Tonight the moon is new. The night sky is dark, save for starlight glimmering between growing clouds brought by warmer south winds. Outside my window, two barred owls — likely mates — call to each other. It is their nesting season, or about to be.
I wonder, do they call to check in with each other? Has one found dinner and now calls the other to share in the feast? One voice is deep, like the lower register of a pipe organ. The other is higher, but still resonant, echoing through the new moon darkness. I love their voices, and rejoice in the fact that their species has shared our land with us through the 3+ decades we’ve been here. I pray their kind will always be able to live here beside a beaver-built wetland full of tasty owl meals and other, much larger, wildlife.
I’m told that new moons are ideal times to set intentions, to articulate immediate goals, and perhaps some that will take more than one moon cycle to attain. For me, tonight’s new moon is about seeking ways to embrace change, rather than resist it. I like to think I’ve been getting better at this, rolling with the punches, so to speak. But recent events challenge good intentions.
Current events are undeniably difficult to face. Sickness, death, violence, profound anger, and alarmingly bitter hatred hold many hearts hostage. Surrounded by pain, the reflex to go backwards is hard to resist — back in time, to a moment before events started weighing us down, stone upon stone, until even breathing becomes impossible for hundreds of thousands of us. But I know — we know — only one direction is an option: forward.
My guidepost to embracing change is the Green World. Snakes, like the beautiful ring-necked snake above, shed their skins to reveal their new, better selves. Caterpillars spin cocoons to shelter their transformation into butterflies. Just this past week, Nature sent me a reminder, when my friend and garden helper, Beth, discovered a bright green chrysalis of a Black Swallowtail butterfly suddenly exposed as lingering scarlet leaves on a blueberry bush finally began to drop in deference to winter temperatures.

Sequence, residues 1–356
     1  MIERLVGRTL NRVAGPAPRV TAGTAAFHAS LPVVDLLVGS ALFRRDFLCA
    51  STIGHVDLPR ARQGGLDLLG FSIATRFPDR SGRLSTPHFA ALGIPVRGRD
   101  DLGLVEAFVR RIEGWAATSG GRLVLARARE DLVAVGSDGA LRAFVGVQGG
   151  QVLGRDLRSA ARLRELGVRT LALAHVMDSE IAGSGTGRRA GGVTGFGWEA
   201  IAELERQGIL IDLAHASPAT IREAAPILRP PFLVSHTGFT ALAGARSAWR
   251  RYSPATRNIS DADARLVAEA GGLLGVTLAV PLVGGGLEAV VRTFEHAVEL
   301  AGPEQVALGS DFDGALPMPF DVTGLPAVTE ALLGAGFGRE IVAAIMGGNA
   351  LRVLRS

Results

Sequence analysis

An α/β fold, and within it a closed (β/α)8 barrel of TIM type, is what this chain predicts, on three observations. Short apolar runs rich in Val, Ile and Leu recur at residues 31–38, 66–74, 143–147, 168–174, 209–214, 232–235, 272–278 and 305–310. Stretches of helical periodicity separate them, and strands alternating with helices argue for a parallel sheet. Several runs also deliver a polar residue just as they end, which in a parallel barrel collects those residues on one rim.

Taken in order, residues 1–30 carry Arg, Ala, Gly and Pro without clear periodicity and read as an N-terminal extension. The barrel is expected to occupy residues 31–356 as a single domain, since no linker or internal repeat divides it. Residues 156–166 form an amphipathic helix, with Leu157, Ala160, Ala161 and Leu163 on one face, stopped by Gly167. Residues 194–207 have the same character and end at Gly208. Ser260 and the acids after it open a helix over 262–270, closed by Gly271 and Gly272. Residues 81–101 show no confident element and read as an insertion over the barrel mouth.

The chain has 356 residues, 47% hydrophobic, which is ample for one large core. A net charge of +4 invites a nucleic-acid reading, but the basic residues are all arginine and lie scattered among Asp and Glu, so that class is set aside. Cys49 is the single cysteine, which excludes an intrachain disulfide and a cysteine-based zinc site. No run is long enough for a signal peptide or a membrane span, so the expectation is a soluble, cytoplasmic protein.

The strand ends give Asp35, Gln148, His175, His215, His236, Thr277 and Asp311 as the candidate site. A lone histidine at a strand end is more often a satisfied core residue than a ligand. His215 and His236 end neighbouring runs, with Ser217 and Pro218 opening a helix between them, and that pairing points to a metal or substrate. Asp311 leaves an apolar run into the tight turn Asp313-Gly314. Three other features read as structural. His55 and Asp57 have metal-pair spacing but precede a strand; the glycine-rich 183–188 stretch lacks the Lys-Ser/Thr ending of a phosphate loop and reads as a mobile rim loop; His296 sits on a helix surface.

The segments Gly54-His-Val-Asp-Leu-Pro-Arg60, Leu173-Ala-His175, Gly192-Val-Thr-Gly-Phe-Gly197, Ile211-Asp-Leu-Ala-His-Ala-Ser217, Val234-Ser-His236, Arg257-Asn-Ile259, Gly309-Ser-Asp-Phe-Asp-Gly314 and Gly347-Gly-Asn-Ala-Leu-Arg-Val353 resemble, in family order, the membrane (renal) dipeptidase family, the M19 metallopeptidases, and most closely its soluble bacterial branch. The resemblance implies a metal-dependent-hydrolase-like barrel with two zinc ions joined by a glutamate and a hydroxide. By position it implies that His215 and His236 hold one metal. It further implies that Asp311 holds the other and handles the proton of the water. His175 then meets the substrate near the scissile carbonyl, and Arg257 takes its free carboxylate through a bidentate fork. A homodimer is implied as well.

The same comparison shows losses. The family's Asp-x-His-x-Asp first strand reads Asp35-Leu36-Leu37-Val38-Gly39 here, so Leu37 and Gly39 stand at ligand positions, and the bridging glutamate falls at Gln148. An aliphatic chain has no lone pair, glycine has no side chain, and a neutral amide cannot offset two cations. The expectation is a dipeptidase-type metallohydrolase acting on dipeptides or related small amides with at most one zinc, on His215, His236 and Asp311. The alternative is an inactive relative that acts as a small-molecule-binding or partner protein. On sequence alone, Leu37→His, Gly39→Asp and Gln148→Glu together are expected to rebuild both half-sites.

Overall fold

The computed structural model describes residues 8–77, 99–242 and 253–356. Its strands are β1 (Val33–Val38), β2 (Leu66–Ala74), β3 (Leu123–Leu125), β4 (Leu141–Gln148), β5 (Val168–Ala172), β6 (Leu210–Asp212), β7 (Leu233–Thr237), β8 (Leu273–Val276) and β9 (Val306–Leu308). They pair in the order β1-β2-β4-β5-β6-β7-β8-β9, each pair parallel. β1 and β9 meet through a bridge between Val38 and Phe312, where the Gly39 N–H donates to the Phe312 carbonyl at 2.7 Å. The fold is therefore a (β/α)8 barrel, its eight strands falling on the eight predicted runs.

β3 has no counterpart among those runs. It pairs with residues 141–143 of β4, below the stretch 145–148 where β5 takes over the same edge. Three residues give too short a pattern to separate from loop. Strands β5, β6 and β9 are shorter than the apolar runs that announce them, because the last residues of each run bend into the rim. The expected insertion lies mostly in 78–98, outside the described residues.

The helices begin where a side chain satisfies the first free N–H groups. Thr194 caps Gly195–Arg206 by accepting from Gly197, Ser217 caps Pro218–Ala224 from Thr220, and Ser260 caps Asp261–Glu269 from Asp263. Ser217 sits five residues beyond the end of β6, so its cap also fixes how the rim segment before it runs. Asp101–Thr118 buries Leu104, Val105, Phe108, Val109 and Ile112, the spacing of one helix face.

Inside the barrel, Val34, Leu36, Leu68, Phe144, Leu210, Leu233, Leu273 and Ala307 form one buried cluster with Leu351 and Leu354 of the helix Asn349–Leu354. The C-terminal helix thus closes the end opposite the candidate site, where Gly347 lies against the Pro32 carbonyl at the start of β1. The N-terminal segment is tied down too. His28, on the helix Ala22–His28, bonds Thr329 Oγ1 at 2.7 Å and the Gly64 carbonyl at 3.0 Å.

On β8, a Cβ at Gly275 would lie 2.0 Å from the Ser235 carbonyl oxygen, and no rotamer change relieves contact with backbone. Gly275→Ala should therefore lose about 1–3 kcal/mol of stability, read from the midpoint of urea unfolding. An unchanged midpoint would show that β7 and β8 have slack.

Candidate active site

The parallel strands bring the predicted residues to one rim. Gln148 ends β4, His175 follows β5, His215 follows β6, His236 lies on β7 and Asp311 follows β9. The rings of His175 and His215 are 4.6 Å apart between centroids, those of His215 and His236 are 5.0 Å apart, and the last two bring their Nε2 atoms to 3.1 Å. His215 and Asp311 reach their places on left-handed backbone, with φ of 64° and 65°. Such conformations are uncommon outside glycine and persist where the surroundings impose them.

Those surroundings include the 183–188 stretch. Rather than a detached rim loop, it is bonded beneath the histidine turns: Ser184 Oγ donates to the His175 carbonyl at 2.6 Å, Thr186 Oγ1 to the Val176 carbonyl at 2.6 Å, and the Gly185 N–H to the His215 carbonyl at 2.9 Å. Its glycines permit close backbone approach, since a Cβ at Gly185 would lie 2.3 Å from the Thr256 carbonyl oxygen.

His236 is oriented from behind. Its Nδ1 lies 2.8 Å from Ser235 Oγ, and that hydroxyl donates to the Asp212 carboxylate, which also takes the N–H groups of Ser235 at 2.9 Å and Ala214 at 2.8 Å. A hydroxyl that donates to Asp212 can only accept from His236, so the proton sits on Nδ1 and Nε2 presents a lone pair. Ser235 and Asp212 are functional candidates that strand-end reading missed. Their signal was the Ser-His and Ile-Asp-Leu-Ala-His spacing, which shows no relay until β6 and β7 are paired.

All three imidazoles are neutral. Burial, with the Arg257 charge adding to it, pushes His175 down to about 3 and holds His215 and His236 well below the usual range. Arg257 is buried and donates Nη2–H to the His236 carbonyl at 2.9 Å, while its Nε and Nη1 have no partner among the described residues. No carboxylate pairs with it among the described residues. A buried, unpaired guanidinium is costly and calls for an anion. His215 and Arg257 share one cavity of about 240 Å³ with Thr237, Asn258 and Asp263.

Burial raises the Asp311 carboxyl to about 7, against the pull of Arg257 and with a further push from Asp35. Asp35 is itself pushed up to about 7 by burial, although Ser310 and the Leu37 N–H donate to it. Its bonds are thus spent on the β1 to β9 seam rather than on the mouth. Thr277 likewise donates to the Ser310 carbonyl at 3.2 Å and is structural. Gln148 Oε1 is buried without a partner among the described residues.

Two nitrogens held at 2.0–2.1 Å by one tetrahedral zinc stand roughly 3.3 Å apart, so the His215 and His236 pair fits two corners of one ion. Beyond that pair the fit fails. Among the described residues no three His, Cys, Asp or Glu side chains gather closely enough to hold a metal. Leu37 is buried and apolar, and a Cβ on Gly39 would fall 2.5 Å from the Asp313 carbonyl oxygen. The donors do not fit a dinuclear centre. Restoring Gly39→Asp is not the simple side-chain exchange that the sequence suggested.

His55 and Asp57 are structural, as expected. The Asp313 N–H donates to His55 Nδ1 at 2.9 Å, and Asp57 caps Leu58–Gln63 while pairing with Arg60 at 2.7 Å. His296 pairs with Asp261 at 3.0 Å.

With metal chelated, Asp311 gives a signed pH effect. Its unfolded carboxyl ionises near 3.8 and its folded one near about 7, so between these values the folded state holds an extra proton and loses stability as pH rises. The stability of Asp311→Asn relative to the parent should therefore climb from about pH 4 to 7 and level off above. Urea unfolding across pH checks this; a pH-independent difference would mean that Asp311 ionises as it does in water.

Gardeners know all about embracing change. In fact, we actively encourage it. In my greenhouse right now are flats full of seedlings. I had set them outside in a sheltered spot to stratify — the process of prolonged cold exposure that some seeds require before germinating. Late fall warm spells that arrived after early cold caused some seeds to awaken early. So, embracing the change, I hustled these flats into the greenhouse to shelter them from returning cold. Now, tiny new plants greet me when I step into that warm, humid space on a winter’s morning.
Perhaps we gardeners can help others struggling to embrace change by sharing our green worlds with them. Do you know a neighbor or a friend who is too much alone these days? Perhaps you could help them plan a small garden to plant this spring. Maybe you know someone who loves to cook and would love potted herbs for her kitchen. Is there someone you could invite on a socially distant walk through a botanical garden or a park on one of the warm winter days we enjoy in the southeastern US?
Many non-gardeners walk through the outdoors unaware of their surroundings. Persuade them to caress tree bark and note the textures, listen to chattering finches and chickadees, admire emerald green moss and soft gray lichens adorning boulders. Nature heals by pulling us out of ourselves, reminding us of the beautiful, vibrant life that surrounds us.
For me, a key to embracing change is remembering to seek out beauty every day. Weather permitting, I am outside even on the coldest winter days to fill bird feeders, check on the greenhouse, admire the ivory bark of sycamores against a backdrop of deep blue winter skies. And every winter morning, I rise early, in the hope that the eastern horizon will be painted by a vivid sunrise. I keep my camera handy, because the color fades almost as fast as it appears.
Standing on my back deck in the frosty air, I wait for creek water to catch sky fire, then try to capture the color in my camera as the rattling call of pileated woodpeckers blends with the muttering of mallards on the beaver pond, and Canada geese rise into the air honking loud enough to out-shout the woodpeckers.
On this new moon night, I hope many of my readers will set new intentions that will help guide them forward through whatever comes. Let your love of gardening and the natural world help lead you. And please consider sharing the beauty with someone whose heart needs lifting. Working together, we can transform all lives.